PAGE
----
[reaction to OYB’s Dec. 21-24 readings]
The prophet Zechariah is writing during the time of Darius of Persia, which is after the Hebrew exiles have returned and are rebuilding the temple. John the Revelator is writing during the time of Nero of Rome, which is after that temple has been destroyed and lots of people are being killed for being Christian. Their revelations, thus have a different tone. Here are two examples. They both talk about four colored horses. In Zechariah the horses are pulling chariots and bringing the Spirit of God to the four directions of the compass, while in Revelation the four horses are carrying riders who bring misery to the earth. (And then they end up in Notre Dame’s backfield which seems weird.)
They also both predict the coming of the God to live with us, or God’s son to live with us. Here is what Zechariah has to say in chapter 2.
10 “Shout and be glad, Daughter Zion. For I am coming, and I will live among you,” declares the LORD. 11 “Many nations will be joined with the LORD in that day and will become my people. I will live among you and you will know that the LORD Almighty has sent me to you. 12 The LORD will inherit Judah as his portion in the holy land and will again choose Jerusalem. 13 Be still before the LORD, all mankind, because he has roused himself from his holy dwelling.”
Revelation 12 has a slightly darker take on things.
In which world do modern Christians live? Is it the world that is filled with hope and possibility, or one with hope tempered by the reality of trial and tribulation directly before us?
34 replies on “Day 111 (Dueling Revelations)”
I think it depends where you live and what your circumstance. I live in the US in relative wealth (for the US, extreme wealth for the world) so I have very little persecution to fear. Zecharia's hope is easy for me, while for those in poverty and living in a place ruled by despots or drug dealers the Revelation story is probably compelling.
Yet even in my situation I sometimes lose hope as I see injustice in so many places and hear it in so many ideas frequently tossed around these days. I can understand the allure of a powerful supernatural being punishing those I disagree with. However like Aniken Skywalker in the second of the new Star Wars movies, I think the hangover after the exercise of punishing power would ultimately weigh heavy on the victors and thereby render the conquest moot. Far better to live in the hope of Zechariah than that of John.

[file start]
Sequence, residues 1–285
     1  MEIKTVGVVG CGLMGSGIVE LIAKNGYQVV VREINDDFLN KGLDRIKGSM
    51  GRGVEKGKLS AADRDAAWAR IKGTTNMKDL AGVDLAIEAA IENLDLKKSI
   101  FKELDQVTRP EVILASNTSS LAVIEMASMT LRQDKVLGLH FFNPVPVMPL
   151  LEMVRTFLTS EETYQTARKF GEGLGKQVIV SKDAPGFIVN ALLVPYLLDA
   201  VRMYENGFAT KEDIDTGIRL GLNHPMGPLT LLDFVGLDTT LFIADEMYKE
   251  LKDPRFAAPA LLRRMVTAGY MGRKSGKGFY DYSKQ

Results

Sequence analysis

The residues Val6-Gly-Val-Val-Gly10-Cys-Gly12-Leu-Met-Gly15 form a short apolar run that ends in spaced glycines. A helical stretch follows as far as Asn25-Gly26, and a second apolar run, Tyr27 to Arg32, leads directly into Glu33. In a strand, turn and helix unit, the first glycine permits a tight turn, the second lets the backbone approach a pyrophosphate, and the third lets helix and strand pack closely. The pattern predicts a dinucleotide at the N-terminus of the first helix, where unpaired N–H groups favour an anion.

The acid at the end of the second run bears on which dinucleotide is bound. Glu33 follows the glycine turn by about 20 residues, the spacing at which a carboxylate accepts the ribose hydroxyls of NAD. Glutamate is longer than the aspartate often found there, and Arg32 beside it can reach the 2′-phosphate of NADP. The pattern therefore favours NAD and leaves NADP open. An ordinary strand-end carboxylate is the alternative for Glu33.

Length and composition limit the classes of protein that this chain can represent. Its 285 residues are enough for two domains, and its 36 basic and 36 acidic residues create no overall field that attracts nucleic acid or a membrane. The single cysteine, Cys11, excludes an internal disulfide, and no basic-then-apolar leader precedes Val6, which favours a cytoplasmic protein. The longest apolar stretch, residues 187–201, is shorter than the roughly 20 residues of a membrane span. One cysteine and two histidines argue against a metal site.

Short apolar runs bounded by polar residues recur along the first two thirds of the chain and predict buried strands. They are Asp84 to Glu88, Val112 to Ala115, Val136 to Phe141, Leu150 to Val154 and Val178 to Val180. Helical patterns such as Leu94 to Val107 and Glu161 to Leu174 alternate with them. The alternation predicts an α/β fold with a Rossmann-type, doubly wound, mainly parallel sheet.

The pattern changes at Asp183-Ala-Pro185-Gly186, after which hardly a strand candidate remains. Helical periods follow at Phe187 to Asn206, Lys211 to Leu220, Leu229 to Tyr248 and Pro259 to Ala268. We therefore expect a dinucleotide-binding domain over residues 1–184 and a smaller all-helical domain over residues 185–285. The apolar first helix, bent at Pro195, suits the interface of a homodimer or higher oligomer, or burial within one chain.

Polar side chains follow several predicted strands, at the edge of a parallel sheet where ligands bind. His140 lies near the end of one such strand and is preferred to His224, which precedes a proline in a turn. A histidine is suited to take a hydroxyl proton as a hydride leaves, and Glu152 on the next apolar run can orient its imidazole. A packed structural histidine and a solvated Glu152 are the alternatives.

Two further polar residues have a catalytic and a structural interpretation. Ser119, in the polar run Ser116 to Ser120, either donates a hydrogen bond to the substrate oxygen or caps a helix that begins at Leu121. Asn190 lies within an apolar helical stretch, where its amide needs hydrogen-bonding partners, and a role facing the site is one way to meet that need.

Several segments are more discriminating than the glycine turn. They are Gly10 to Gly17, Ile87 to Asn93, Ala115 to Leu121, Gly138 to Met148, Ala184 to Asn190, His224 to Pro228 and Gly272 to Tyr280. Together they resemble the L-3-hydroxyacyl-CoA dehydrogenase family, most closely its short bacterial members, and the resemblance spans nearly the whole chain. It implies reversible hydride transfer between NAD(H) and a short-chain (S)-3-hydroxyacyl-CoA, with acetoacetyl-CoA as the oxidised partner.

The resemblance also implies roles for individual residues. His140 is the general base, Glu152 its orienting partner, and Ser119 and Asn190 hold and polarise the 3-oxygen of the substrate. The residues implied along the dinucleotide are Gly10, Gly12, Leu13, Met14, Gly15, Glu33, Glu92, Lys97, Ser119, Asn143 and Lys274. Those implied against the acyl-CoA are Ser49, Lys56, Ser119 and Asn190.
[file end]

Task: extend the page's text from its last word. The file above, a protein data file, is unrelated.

From Reverend Mary Jacobs (whose comment was lost in a Google SNAFU)
There is a difference between prophetic vision and apocryphal vision. Prophetic vision includes an acute awareness of the people's lives and political situation. God's ever present call to faithfulness to the Holy One and the vision of justice and compassion becoming real in society and people's lives are offered again and again through different prophets.
Revelation lands in the apocryphal writings which includes a vision of the future where God's rule is real. It comes out of the faithful being persecuted and God making it right for them rather than the people of God losing their way and being called back to faithfulness. It is a hopeful vision but it also calls forth a vision of God judging and setting things right whereas prophets usually called the people to get their act together. Revelation was written in code. There are things that are in code that most folks don't even have a clue what they represent, but they like to make bold statements about the "true" meaning anyway. The code used by the writer(s) must be known to gather a clearer understanding of this vision.
Apocryphal writings come out of a deep sense of suffering for being faithful. There is some Jewish apocryphal writings, Ezekiel certainly leans that way and Daniel too. In fact some scholars think that Revelation is a mixture of Jewish and early Christian apocryphal vision.
@David: "However like Aniken Skywalker in the second of the new Star Wars movies, I think the hangover after the exercise of punishing power would ultimately weigh heavy on the victors and thereby render the conquest moot." For New Years Eve I watch all six Star Wars movie, and this component of Aniken's character really struck me. I think it is a great example of why the process is important.
Responding in general to your comment, I do wonder whether our physical comfort is a reason to have hope for the Kingdom coming. Of coruse, the capitalism that has brought our wealth and comfort has also brougth greater physical security for the poor in our country and medical marvels for everyone, even if not distributed as evenly as some of us would like. All-in-all, I think we should share more in common with Zecharia.
@Mary: "In fact some scholars think that Revelation is a mixture of Jewish and early Christian apocryphal vision." The was this was "revealed" to me, having read Revelation more recently, was that in reading Ezekiel and Isaiah and Daniel, the imagery that John would later use in Revelation jumped right out at me.
When I first read Revelation I was really turned off by it. I recognized that it was a coded message, but that didn't help me understand it. Having read it after reading the Old Testament apocalyptic writings, I appreciate it more.